Louise Wickham claims that an article published on nzherald.co.nz on June 18, 2014, was overly negative and unbalanced and, therefore, breached Principle 1 (Accuracy, Fairness and Balance).
The complaint is not upheld.

The article published on nzherald.co.nz was provided by news service BusinessDesk.
It covered the response of Trans-Tasman Resources (TTR) to an Environmental Protection Agency (EPA) decision to reject its application to mine iron sand off the coast of Patea.
The article was based on a statement from TTR because the company responded before actual details of the EPA decision were made public.
TTR was “extremely disappointed with the decision”.
No reasons for the EPA decision were given in the body of the article, although it was reported to be a win for the lobby group Kiwis Against Seabed Mining (KASM) and a blow to the Government.
Subsequent to the BusinessDesk article being provided to nzherald.co.nz, the full EPA decision was embedded in the article.

The article was unduly negative and did not mention any of the EPA’s reasons for rejecting TTR’s application to mine.
Although a full link to the decision was provided, readers would have been left with a negative impression of what was a balanced EPA decision.
The article went beyond bad reporting and smacked of advocacy.
A word count showed most space was given to TTR’s viewpoint, very little was given to KASM’s ‘victory’ and none was given to the reasons behind the EPA decision.
The article was biased and unfair.

Editor’s response
The response was provided by New Zealand Herald business editor Liam Dann but included additional comment from BusinessDesk editor Pattrick Smellie.
BusinessDesk is a wire service providing content continuously as developments occurred.
The article was provided to the Herald before the EPA decision was available. nzherald.co.nz then included a link to the full decision.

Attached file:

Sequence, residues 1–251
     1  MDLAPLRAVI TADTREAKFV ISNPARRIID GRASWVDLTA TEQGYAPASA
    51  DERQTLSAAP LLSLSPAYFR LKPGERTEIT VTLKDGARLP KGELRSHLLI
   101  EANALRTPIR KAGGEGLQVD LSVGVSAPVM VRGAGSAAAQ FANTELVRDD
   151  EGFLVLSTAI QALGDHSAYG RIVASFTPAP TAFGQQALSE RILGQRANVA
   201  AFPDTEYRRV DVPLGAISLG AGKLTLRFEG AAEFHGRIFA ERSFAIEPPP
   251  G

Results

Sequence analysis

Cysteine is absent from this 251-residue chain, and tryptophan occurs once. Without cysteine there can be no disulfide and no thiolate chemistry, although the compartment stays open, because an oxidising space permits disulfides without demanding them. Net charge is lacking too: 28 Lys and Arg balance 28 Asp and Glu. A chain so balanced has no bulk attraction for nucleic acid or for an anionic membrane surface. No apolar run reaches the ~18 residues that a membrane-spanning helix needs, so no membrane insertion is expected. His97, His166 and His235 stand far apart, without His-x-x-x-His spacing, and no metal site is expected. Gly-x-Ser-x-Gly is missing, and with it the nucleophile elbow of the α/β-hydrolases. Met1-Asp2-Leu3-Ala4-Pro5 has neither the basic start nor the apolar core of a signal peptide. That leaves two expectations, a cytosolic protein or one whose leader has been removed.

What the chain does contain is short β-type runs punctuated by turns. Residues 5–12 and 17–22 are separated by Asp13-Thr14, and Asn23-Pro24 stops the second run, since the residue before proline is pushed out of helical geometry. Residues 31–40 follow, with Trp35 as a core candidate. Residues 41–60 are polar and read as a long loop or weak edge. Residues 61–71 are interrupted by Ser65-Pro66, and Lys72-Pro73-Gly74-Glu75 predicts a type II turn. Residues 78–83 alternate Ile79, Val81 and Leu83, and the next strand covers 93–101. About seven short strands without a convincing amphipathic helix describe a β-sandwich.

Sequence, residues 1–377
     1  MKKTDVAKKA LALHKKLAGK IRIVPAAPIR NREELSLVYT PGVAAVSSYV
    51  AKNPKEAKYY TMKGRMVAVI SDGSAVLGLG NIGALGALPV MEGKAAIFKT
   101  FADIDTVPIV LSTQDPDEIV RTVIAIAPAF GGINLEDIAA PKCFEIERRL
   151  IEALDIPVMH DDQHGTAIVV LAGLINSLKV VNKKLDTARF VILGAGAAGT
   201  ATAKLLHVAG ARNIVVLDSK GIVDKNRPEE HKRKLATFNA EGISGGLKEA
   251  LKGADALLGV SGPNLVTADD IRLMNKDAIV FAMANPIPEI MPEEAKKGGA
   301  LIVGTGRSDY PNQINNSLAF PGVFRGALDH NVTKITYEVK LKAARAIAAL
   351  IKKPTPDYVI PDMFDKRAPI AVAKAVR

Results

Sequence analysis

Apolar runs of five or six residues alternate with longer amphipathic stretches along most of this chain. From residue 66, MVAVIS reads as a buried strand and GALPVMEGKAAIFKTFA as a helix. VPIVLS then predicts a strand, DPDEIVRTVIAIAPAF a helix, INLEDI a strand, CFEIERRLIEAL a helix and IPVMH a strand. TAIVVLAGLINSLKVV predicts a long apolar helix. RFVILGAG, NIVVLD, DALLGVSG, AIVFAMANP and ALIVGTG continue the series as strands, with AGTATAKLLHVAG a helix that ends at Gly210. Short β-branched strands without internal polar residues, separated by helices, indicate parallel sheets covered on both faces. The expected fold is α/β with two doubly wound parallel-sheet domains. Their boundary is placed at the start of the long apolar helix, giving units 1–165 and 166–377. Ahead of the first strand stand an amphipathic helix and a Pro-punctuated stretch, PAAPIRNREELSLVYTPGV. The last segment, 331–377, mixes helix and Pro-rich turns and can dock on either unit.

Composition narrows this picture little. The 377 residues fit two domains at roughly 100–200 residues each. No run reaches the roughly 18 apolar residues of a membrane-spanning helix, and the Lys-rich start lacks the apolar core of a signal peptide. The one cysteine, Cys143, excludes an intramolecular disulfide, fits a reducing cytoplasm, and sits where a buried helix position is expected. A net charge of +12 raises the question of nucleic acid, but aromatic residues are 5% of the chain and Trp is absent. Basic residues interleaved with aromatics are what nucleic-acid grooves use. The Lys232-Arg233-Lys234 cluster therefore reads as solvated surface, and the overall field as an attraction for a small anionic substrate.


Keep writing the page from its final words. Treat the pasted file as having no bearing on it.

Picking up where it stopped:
At more or less the same time a separate version of the story - but including reaction and detail of the decision - was written by a New Zealand Herald staff reporter and published in a different, more prominent area of the website.
A further follow-up article - also including reaction and decision detail - was provided by BusinessDesk and published in full in the New Zealand Herald newspaper the following day.

Herald coverage, online and in print, of TTR’s bid to mine iron sand off Patea had also included articles leading up to and after the EPA decision.
The Press Council principle on Accuracy, Fairness and Balance allows for balance to be judged over a number of stories, rather than a single report.
nzherald.co.nz did include a link to the full EPA decision, which included its reasons, within the BusinessDesk article.
Linking to relevant documents, reports etc within editorial content is now a normal part of modern digital storytelling. It should be viewed as an advantage to the reader.
Although it was odd to feature two different versions of the same story on the same day, the separate article by the staff reporter did also include EPA reasoning and KASM reaction.
nzherald.co.nz time stamps suggest the staff reporter’s version was published before the BusinessDesk copy.
The link in the BusinessDesk article, as well as the additional Herald reporting, made for fair and balanced coverage of the matter. The complaint is not upheld.

Press Council members considering the complaint were Sir John Hansen, Tim Beaglehole, Liz Brown, Peter Fa’afiu, Jenny Farrell, Sandy Gill, Marie Shroff, Vernon Small, Mark Stevens and Stephen Stewart.
John Roughan took no part in the consideration of this complaint.


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